The impact of MIQ: Survey finds nearly 80 pct experience anxiety, depression, panic attacks

As mass MIQ is set to wind down, Newshub can exclusively reveal the toll the system has taken on the Kiwis who have used it. 

Almost 80 percent say it affected their mental health, including anxiety, depression and panic attacks. 

But the pain is almost over, with managed isolation and quarantine (MIQ) officials loosening who gets a compassionate exemption. 

France-based Rachel Bradley has experienced panic attacks due to the stress of MIQ. She was distraught after thinking she had missed Thursday's room lottery draw, as she's desperate to get home to see her critically ill dad in hospital. 

"I know that people are probably going to think 'oh she's stupid isn't she, got the wrong time', but I haven't slept for three days now," she told Newshub.

Luckily, some good news came an hour later. For once, all the spots in the lottery didn't get snapped up. 

"That's my tenth lottery and I'm on number eight emergency requests."

COVID-19 Response Minister Chris Hipkins says MIQ is "not a system we would have in an ideal world". 

"We're dealing with a global pandemic," he said on Thursday. "It's a system that we've needed to have."

Rachel's anguish is shared by so many. 

A survey by Grounded Kiwis given exclusively to Newshub found 78 percent said the system impacted their mental and physical health. 

Of those, 70 percent said it made them experience stress, 63 percent had anxiety, 35 percent had depression, 32 percent had insomnia, and 12 percent had panic attacks.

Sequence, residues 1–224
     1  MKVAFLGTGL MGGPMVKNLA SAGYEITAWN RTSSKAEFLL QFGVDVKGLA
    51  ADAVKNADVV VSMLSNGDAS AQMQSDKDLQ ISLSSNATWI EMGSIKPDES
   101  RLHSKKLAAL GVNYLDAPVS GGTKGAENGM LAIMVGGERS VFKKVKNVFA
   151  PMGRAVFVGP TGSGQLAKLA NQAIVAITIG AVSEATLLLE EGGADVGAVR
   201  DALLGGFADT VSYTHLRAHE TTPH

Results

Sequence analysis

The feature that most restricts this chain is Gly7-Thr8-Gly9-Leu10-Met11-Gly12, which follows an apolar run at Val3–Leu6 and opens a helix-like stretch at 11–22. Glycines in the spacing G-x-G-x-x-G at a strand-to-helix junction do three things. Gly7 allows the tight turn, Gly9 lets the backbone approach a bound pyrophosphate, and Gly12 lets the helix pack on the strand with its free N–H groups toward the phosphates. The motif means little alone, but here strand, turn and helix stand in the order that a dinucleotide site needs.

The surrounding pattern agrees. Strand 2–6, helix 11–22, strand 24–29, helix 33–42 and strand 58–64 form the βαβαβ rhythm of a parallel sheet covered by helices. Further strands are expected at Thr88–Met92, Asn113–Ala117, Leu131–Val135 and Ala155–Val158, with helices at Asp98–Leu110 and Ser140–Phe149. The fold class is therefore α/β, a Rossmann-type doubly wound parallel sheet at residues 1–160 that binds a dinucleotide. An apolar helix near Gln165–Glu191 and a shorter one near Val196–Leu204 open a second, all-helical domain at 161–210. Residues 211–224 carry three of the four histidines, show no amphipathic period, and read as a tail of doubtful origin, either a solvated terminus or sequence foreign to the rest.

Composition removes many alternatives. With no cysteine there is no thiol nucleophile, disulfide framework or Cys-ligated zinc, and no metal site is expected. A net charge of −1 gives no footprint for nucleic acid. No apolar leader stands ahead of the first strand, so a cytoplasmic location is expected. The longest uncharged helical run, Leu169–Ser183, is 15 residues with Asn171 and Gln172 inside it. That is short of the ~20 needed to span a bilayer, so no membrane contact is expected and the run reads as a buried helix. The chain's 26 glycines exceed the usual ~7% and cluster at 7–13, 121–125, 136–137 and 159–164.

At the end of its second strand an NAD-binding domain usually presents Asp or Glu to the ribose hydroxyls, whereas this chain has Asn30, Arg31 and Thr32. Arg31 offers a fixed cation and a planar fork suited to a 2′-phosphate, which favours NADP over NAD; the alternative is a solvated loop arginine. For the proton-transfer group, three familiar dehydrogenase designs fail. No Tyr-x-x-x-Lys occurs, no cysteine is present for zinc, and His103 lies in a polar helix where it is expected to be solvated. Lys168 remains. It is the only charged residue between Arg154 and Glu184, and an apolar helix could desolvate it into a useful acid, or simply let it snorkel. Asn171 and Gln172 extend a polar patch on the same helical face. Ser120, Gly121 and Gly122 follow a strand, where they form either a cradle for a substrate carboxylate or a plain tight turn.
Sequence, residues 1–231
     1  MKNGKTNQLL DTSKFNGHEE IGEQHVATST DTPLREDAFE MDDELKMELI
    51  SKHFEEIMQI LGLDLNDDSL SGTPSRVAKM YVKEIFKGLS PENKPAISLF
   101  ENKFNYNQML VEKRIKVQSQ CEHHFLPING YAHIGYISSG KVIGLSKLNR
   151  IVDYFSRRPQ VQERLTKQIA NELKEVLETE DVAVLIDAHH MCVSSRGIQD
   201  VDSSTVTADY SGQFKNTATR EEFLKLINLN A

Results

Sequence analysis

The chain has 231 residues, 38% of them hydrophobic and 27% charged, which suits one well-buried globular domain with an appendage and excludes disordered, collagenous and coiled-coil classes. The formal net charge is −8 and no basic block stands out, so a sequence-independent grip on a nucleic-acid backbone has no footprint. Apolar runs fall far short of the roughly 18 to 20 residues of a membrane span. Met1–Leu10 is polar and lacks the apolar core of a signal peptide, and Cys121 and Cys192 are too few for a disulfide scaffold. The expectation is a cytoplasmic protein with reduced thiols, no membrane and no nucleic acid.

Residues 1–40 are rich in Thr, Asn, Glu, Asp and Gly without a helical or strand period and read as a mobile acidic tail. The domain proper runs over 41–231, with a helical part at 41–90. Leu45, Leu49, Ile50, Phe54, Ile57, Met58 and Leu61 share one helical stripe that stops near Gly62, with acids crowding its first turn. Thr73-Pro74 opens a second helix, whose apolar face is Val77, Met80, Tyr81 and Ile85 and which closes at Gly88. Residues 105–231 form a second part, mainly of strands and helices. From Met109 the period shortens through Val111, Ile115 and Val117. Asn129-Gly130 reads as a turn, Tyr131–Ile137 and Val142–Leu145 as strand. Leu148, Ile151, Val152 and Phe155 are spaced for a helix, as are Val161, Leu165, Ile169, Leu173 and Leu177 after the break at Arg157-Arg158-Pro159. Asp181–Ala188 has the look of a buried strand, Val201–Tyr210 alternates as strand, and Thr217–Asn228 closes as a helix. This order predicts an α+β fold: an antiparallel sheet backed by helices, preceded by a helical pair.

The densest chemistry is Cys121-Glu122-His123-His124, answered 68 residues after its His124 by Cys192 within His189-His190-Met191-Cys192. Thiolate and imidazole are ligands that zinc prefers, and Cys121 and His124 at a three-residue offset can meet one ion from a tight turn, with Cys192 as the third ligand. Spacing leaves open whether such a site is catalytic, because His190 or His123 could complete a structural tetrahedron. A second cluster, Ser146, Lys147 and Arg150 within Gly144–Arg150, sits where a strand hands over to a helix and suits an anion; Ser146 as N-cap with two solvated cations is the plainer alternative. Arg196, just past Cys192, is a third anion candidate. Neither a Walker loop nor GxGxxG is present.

"It's served us pretty well overall as a country, but there's no question for individuals it's had a significant impact," Hipkins said. 

That impact is about to be lessened as en masse MIQ winds down. 

The Ministry of Business, Innovation and Employment (MBIE), in charge of MIQ, is seeing the light: with Omicron circulating in the community, the risk of people leaving MIQ early is lower.

"In the last two days, the Director-General of Health has signed off an updated risk assessment tool," said Chris Bunny, the head of MIQ. 

The updated risk assessment tool means people can apply from the day they arrive, travel between the North and South Islands, and take public transport - even with their unvaccinated children. 

"The ministry knew that Omicron was in the community. The ministry did not update that tool to allow more people out of MIQ early," said National's COVID-19 spokesperson Chris Bishop. 

Hipkins said it will enable "a lot more flexibility than we've previously seen". 

It's good news for Rachel, who's hanging out to see her dad and smash some Kiwi delicacies. 

"I'm looking forward to a mince and cheese pie, you know?"

Some comfort food after a very uncomfortable ordeal to get home. 

MIQ officials say their hands are tied when assessing applications for early release. They have to stick to the Ministry of Health's Assessment Tool. 

And they have already used the updated tool to approve three applications in three days.